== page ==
Wednesday, January 15, 2014

Cardboard Commentary #43 (Those Darned Base Cards)

Before autographed cards, memorabilia cards, parallel cards, or even insert cards... there was the base card. And in fact, it wasn't called the base card... it was just 'card', thank you very much! One set of cards came out each year and most players just had a single card. And collectors would try to complete an entire set of cards (usually a very large set of cards) in a season through the buying of wax packs and by trading with friends. Well, times have changed, and I think the way base cards are done should also change. Here are some of my ideas as to how the hobby can adapt to changing times.


When the typical adult collector buys cards, he or she will typically rifle through the base cards looking for the hit (autograph, parallel, memorabilia, insert) with little to no mind in regards to the base cards. Some older collectors may frown upon this, but that's just the fact. AND IT'S OK. There is really no way to make someone care about base cards. There just isn't. So the solution is not to try and change people's minds. The solution may be to change how base cards are done.

I'm not proposing to get rid of base cards. I think base cards are important because they are the foundation of the hobby. Long ago, getting a base card of a star player was like getting a hit. In the past, if you got a Wayne Gretzky or a Michael Jordan card, that was a successful pack. If someone gets a Crosby or LeBron base card in a pack, nothing may even register in terms of excitement of the pull. In fact, if there is not hit, there is not excitement no matter how awesome the players you got in the pack were. So what can be done?

Like I said, base cards are the foundation of the hobby. I think putting out big base card sets like O-Pee-Chee and Score in hockey are necessary. In baseball, the standard Topps set is a model for how modern large sets should be done. Having an all-encompassing base set helps keep the history of the sport alive through cards. It also keeps the traditional hobby sensibility alive. These sets tend to be cheaper to buy, and thus kid-friendly. But this model should only be applied to lower-end sets. Mid to higher-end sets should be treated completely differently.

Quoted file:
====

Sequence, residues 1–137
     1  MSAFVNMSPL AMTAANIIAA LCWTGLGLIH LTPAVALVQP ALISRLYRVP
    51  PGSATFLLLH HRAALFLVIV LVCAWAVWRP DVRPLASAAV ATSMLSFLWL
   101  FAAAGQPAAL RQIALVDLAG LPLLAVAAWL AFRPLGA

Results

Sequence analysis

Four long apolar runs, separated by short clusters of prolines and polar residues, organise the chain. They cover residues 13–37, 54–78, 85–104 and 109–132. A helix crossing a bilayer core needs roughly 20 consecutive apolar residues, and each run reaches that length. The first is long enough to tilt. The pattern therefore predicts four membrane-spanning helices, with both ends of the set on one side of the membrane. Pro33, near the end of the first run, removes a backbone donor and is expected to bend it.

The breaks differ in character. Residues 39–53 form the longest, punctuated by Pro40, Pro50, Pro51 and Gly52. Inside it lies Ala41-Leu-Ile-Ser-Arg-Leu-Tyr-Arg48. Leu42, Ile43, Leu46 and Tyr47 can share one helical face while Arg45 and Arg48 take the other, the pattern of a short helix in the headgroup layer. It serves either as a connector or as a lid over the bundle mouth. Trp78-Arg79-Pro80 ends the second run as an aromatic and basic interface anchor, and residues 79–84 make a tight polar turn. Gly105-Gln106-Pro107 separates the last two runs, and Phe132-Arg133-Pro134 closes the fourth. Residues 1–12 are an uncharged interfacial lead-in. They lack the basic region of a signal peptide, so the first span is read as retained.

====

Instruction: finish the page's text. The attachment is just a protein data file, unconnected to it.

Collecting cards started off as something for kids to do, and these big lower-end sets keep kids in it. What Topps has done in baseball is add in rare variant cards as well as the chance for an autograph or memorabilia card once in a blue moon. These extra goodies allow the more serious collector to have an interest in this lower-end product. Though packs may be cheap, the prospect of pulling an ultra-rare autograph of a star or hall-of-fame player is always good. And for a young collector, pulling something like that out of a pack would be unforgettable.

So I say keep the big sets, but make them interesting with the chance to pull something good on the rare occasion. I would follow Topps' example of having a lot of cool subsets and inserts to pull as well. Creating unique base set designs that are memorable would could only help make collecting these sets more fun and desirable.

For mid-tiered sets in the hobby, I suggest a radically different approach to the base card. The hobby is flooded with mid-tiered sets that cost between $7-20/pack with boxes costing about $100 each. Most products fall into this category. If you look at these products, they all spit out about 3-5 hits per box no matter what the pack configuration is. In terms of hits per box for the price, they are all in the same boat.

In hockey, you have sets like SP Authentic, SPx, SP Game-Used, Crown Royale, Contenders, Limited, Ultimate Collection, and the like. Who here collects the base set from these sets? Well, I know some do. But it's definitely a more rare for collectors to go all in getting sets of these base cards. These are usually the cards that collectors leave behind at the shop after all the hits have been collected. These are the cards that go into a big box and sit in a closet for forever.